ER Editor: Update July 10 – this law was passed yesterday by a majority vote in the National Assembly and now requires being passed by the Senate. See French Assembly votes for ‘hate speech’ bill at first reading.
Dark Days in France
Besieged Macron Regime Passing Legislation to Ban Free Speech on Social Media
Despite a moderate economic recovery, President Emmanuel Macron’s government continues to flounder in unpopularity. A recent poll found only 1 in 4 people had a positive view of the French president and his government, while 66% had an outright negative view. Every regime under siege has a choice: improve its performance and unify the country or . . . crack down on critical opposition. The Macron regime has decidedly opted for the latter, proposing yet another law to destroy that pesky last bastion of free speech in France: the Internet.
The person charged with drafting this new legislation is Laetitia Avia, an MP of Togolese descent, with the support of Parliamentary Undersecretary for Digital Economy Cédric O [sic], a Franco-Korean. The law will require social media platforms like Facebook, Twitter, and YouTube to provide “a single alert button, common to all big platform operators” for users to report “cyber-hate” (presumably more visible and uniform than what exists already).
More seriously, tech companies will be liable to massive fines if they do not immediately remove content which might be considered “hateful.” If a platform does not remove such content within 24 hours of notification, it could be fined by the French High Council for Audiovisual (Conseil supérieur de l’audiovisuel) to the tune of 4% of their global annual turnover. For Twitter for example, this would mean fines of up to a whopping $120 billion. Social media are also expected by the French government to artificially suppress the diffusion of hateful content by limiting their “virality.”
This renewed push for censorship comes at a time when anti-Zionist critics like the civic nationalist Alain Soral and the comedian Dieudonné (pictured) are being threatened with years of imprisonment under existing censorship legislation.
Avia defines “cyber-hate” as “any content that is manifestly an incitement to hatred or a discriminatory insult on grounds of race, religion, sex, sexual orientation, or disability.” But free speech watchdogs have already pointed out that French law is notoriously vague as to what constitutes “hate.” Judges have had to improvise the concept as we have gone along. The combination of the scale of the fine and the swiftness of expected response may mean a devastating chilling effect against free speech: tech operators will have a massive incentive to auto-ban any and all content which might conceivably be considered “hateful” by a CSA bureaucrat or some litigious ethnic lobby. Needless to say, much legitimate content would also be banned.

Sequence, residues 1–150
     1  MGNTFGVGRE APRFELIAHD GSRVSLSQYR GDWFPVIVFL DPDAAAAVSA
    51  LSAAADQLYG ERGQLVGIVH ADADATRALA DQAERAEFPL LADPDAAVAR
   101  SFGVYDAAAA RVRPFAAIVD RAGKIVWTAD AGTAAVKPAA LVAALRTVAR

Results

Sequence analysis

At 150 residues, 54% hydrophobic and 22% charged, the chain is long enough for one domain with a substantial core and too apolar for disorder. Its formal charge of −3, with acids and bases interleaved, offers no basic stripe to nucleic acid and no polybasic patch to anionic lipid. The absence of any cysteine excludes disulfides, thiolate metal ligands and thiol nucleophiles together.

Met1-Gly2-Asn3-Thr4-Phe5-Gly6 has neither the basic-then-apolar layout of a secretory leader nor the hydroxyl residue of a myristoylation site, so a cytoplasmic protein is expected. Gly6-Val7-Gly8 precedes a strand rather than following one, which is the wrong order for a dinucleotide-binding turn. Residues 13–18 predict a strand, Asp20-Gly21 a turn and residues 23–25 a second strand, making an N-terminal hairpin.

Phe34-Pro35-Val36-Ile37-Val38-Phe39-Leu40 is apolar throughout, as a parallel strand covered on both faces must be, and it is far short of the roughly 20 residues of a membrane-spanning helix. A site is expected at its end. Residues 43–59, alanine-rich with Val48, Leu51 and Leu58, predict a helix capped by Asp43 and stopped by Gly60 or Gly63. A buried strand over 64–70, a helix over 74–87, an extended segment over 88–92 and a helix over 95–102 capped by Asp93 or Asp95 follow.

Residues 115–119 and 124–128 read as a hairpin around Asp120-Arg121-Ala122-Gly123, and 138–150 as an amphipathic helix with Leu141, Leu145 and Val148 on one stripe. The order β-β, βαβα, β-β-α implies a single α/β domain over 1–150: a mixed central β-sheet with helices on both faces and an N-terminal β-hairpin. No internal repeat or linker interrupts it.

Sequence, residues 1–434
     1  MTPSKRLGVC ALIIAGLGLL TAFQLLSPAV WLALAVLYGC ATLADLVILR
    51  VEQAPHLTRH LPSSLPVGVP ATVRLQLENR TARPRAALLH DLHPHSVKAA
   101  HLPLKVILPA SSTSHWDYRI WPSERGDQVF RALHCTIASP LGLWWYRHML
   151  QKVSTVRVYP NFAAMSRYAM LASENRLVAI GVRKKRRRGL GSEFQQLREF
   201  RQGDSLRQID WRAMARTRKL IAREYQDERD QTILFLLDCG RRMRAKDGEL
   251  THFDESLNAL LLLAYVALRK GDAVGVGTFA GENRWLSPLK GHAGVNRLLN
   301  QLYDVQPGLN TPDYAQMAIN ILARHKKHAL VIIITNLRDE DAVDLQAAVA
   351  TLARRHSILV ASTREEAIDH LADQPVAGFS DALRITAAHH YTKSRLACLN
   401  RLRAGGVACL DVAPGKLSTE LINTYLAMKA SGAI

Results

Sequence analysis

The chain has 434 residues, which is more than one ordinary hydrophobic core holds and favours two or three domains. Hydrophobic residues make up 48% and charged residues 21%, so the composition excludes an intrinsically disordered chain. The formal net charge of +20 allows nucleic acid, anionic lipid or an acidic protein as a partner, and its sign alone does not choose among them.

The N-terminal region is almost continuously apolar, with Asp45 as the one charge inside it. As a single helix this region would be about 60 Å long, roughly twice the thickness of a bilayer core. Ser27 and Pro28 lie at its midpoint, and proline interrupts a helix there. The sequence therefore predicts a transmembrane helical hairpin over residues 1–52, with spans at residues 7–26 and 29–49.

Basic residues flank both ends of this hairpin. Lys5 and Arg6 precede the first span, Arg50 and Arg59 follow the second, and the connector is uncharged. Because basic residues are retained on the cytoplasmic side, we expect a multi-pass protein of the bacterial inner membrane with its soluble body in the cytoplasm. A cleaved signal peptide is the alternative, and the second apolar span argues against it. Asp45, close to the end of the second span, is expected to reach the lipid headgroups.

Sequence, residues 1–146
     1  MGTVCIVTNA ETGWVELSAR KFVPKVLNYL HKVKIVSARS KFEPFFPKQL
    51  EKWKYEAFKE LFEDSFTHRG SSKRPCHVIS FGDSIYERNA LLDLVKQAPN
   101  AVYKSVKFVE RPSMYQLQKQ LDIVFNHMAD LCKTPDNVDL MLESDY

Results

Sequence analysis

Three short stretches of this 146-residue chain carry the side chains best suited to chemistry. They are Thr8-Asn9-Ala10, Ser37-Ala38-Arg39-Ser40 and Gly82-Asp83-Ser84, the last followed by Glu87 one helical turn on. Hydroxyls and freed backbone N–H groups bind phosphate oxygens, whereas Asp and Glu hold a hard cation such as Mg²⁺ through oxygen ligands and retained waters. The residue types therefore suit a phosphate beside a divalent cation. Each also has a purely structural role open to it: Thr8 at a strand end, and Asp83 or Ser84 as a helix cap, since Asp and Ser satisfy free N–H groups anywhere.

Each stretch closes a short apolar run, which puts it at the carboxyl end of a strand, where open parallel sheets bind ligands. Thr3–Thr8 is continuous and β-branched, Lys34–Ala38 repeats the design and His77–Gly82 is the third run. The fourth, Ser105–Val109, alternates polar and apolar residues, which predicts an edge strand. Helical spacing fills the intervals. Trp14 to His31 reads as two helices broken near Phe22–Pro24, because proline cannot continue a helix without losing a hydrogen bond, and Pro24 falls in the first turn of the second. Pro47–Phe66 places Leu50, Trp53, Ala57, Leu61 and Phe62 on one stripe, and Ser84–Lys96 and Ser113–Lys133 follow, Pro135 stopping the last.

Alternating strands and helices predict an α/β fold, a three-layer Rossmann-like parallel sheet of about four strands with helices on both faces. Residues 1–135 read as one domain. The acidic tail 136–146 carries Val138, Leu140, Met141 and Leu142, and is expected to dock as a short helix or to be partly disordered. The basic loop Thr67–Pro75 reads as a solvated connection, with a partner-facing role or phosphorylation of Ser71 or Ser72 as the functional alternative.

The Committee to Ban Your Memes: Gil Taïeb, Secretary of State for Digital Affairs Mounir Mahjoubi, Prime Minister Édouard Philippe, Laetitia, and Karim Amellal.
À propos of litigious ethnic lobbies hostile to the interests of the indigenous people of France: Avia indicates that the Macron regime prescribed two partners to co-draft the legislation with, Karim Amellal and Gil Taïeb. Karim Amellal is the son of an Algerian high civil servant who moved to France during the 1990s civil war between Islamists and the military in his country, who has become a writer specializing in diversity activism lecturing the indigenous French population on how racist they are. That is the reward the French get for being generous enough to welcoming Amellal into their country.
Gil Taïeb, hailing from Tunisia, for his part is the vice president of the Representative Council of Jewish Institutions of France (CRIF), the country’s notoriously powerful, liberticidal, and well-connected Jewish-Zionist activist organization. Taieb has reason to be pleased: even as this new law is being passed to crack down, notably, on native French ethno-nationalists, the Macron regime is also moving to criminalize anti-Zionism. The CRIF’s dream is being realized: support for Jewish ethno-nationalism and opposition to French ethno-nationalism will soon be the only authorized opinions on these issues expressible in the “French” “Republic.”
The law is also being supported by the slug-like Franco-Israeli member of parliament Meyer Habib, who far from being troubled by accusations of ‘dual loyalty’ has always made clear that his engagement in French politics is first of all in service of his homeland of Israel. Habib recently demanded in the National Assembly that Avia’s liberticidal legislation be expanded further to cover historical revisionism as well, emotionally recalling how “as a young Zionist activist” he had received the following message from Robert Faurisson: “For this thug [nervi de choc] who in my own country is treating me like a Palestinian.” Apparently, decades later, Habib remains deeply triggered by this experience of a gentile who dares to speak up for himself.